India has displayed policy maturity and pragmatism in recent weeks by reassessing the possibility of reviving Chinese investments in the economy.
China return as India’s largest trade partner during FY20-21 has surprised many. Since the outbreak of Covid-19, efforts to reduce reliance on Chinese products, many felt, would show up in bilateral trade figures through lower imports, and a smaller trade deficit. The expectations haven’t materialised. This isn’t surprising at all.
During April-December 2020, India ran trade deficits with 19 out of its’s top 25 trade partners. Some of these were due to large crude oil imports. China is not a source of crude oil imports for India. Nor is it a source of gold imports, which is another major import category for India. But China overwhelmingly dominates India’s non-oil, non-gold import basket. This has been so for several years.
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The Covid 19 pandemic and associated developments, including geopolitical ones, haven’t changed China’s preeminence as India’s major source of non-oil, non-gold imports. Along with China, India sources these imports from East and Southeast Asia and Europe, too. This shows up in its trade deficits with Germany, Malaysia, Singapore, Korea, Japan, Thailand and Indonesia.
However, the sizes of these deficits are not comparable with that of China. On the whole, in India’s total trade of $462.7 billion during April-December 2020, its imports ($261.4 billion) exceeded its exports ($201.3 billion) by more than $60 billion. The deficit of $30 billion with China was around half of India’s total trade deficit. Clearly, no substantive change has taken place in the character of India’s trade with China!
Those unhappy over the Indian economy continuing to import more than it exports, especially from China, should note that high imports from China coincide with unmistakable recovery in the domestic economy. Turning northward from -24.4% in April-June 2020, quarterly GDP has moved out of the negative territory to be 0.4% in October-December 2020.
The third quarter growth looks more impressive at 5.3%, not corrected for inflation. The quarter has seen several sectors of the economy moving out of red. The most notable are manufacturing, electricity, gas and water supply, construction, and financial, real estate and professional services.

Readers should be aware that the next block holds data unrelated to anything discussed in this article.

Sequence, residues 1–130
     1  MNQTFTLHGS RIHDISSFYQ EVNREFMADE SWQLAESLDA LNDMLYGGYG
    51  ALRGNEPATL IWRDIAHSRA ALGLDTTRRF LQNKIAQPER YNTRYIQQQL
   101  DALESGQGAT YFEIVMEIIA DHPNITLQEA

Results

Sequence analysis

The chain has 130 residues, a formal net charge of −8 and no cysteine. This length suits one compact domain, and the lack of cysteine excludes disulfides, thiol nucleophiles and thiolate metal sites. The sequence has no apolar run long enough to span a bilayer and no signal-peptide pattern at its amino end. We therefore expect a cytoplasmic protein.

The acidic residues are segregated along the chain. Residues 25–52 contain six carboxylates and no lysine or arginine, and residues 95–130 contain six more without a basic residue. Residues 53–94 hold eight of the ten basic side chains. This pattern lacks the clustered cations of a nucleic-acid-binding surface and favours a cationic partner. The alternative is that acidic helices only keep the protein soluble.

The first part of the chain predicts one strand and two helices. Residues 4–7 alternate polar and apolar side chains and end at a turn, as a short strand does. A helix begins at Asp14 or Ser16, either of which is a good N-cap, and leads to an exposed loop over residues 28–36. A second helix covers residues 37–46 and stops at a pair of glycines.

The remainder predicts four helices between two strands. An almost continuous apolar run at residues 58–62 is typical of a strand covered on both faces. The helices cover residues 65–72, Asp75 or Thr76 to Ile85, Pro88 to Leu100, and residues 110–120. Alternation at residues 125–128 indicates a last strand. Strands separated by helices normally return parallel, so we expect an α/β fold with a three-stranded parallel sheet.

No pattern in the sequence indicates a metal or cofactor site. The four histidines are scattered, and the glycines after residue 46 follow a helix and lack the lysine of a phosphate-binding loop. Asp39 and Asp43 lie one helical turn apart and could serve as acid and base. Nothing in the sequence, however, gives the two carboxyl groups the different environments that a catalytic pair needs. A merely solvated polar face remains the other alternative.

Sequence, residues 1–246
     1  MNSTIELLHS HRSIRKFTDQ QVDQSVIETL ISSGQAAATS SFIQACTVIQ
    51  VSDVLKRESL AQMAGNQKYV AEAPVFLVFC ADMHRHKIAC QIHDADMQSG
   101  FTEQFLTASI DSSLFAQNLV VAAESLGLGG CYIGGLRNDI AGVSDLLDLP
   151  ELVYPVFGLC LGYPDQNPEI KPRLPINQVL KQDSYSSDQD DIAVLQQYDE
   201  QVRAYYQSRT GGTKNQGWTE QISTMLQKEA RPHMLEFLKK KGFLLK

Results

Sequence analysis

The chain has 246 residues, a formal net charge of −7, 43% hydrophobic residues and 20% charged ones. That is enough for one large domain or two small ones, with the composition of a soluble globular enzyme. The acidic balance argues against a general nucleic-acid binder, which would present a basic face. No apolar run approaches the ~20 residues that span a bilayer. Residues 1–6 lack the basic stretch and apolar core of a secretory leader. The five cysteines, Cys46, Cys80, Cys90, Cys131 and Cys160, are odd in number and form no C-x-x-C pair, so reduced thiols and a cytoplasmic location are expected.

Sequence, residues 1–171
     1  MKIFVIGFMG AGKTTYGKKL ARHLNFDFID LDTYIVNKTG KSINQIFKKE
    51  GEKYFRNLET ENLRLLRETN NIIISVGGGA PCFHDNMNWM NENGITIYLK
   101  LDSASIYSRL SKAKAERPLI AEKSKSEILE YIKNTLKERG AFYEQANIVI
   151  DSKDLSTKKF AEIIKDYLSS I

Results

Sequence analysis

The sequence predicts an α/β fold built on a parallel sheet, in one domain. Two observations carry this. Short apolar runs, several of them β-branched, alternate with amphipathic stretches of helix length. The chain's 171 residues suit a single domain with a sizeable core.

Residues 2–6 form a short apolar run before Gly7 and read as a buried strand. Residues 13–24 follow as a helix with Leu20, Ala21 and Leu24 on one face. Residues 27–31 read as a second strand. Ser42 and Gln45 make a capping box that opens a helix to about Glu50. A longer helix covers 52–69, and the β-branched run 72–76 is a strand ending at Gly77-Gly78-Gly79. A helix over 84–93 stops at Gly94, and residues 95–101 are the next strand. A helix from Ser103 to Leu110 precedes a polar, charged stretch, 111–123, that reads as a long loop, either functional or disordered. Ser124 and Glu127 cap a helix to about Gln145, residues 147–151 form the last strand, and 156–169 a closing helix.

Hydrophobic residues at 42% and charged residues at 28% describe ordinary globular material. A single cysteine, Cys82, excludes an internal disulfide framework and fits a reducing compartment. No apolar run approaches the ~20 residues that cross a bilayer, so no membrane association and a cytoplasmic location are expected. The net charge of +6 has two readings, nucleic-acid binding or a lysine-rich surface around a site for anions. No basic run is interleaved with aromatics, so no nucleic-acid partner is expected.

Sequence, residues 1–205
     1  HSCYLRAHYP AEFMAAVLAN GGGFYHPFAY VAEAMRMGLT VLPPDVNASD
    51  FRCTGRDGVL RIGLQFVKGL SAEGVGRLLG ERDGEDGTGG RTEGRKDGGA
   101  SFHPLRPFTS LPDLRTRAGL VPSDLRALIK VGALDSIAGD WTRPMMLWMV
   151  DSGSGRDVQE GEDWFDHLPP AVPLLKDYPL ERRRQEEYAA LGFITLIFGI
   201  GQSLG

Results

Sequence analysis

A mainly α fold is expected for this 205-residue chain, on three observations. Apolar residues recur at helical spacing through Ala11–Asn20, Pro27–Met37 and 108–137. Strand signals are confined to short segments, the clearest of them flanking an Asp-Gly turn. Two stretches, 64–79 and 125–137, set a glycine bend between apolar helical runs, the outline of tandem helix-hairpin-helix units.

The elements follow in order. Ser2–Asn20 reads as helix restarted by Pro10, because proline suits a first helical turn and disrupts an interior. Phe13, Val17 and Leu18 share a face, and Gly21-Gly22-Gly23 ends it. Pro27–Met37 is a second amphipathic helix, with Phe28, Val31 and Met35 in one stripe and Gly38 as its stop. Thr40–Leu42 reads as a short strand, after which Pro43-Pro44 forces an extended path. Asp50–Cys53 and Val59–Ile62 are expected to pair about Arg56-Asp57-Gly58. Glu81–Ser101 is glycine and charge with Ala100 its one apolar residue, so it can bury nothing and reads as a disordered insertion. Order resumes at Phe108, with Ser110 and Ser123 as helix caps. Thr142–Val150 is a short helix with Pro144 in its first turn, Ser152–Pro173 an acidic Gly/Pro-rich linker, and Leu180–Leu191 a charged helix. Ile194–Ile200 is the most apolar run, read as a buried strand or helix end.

The industrial recovery—precipitated by gradual withdrawal of lockdown restrictions, pick-up in factory output and consumption demand arising from the festive season—has led to an expected rise in demand for imports by industry.
As a result, imports of telecom instruments, electronic components, chemicals (both organic and inorganic), fertilisers, bulk drugs, computer hardware, electrical and non-electrical machinery, and consumer electronic products, have picked up. The bulk of these imports continue to be sourced from China, as they used to be earlier. The received wisdom of the prospects of Indian manufacturing depending heavily on sourcing from China is vindicated again.
There were some expectations that Indian importers of items being sourced heavily from China would be able to switch to other sources. Obviously, that hasn’t happened. China was able to get its production back on track much faster than other major economies. As the only major economy to have avoided a contraction in GDP growth during 2020, China, for more than six months now, has responded well to the demands for industrial and consumer goods from the rest of the world, including India.
No other economy, from Asia or Europe, has been able to do so, leaving India and others with little choice but to import from China. The industrial recovery in China has also led to sustaining of its consumer demand. As a result, China has been the world’s major market for absorbing various exports from several other countries, particularly from Asia, abetting their economic recoveries.
From an Indian perspective, China’s persistence as the largest trade partner and source of imports underlines its high import dependence on China. Multiple efforts to incentivise and encourage higher production of import substitutes will take years to yield noticeable results. Till then the reliance of domestic manufacturing on China for intermediate imports would continue.
India has displayed policy maturity and pragmatism in recent weeks by reassessing the possibility of reviving Chinese investments in the economy. These investments, such as those by Xiaomi in making smartphones locally, can contribute significantly to the goal of producing more at home and reducing imports.
Similar investments in major employment-generating sectors like automobiles, can augment domestic capacities not just in vehicle assembling, but also upstream vehicle parts and component-making capacities. Indeed, at a time when India is working aggressively on privatising state-owned enterprises, Chinese investments, particularly in non-sensitive, non-strategic sectors, can contribute significantly to the overall objective.
India’s trade relations with China won’t transform overnight. But more Chinese investments, taking advantage of the new incentives for increasing local production, can be of significant help in the efforts to build self-reliance. Many of these investments would facilitate exports too, including to China. Using Chinese investments for increasing Indian exports to China would be the most effective way of reducing the bilateral trade deficit.
Senior research fellow and research lead at the Institute of South Asian Studies (ISAS), NUS firstname.lastname@example.org
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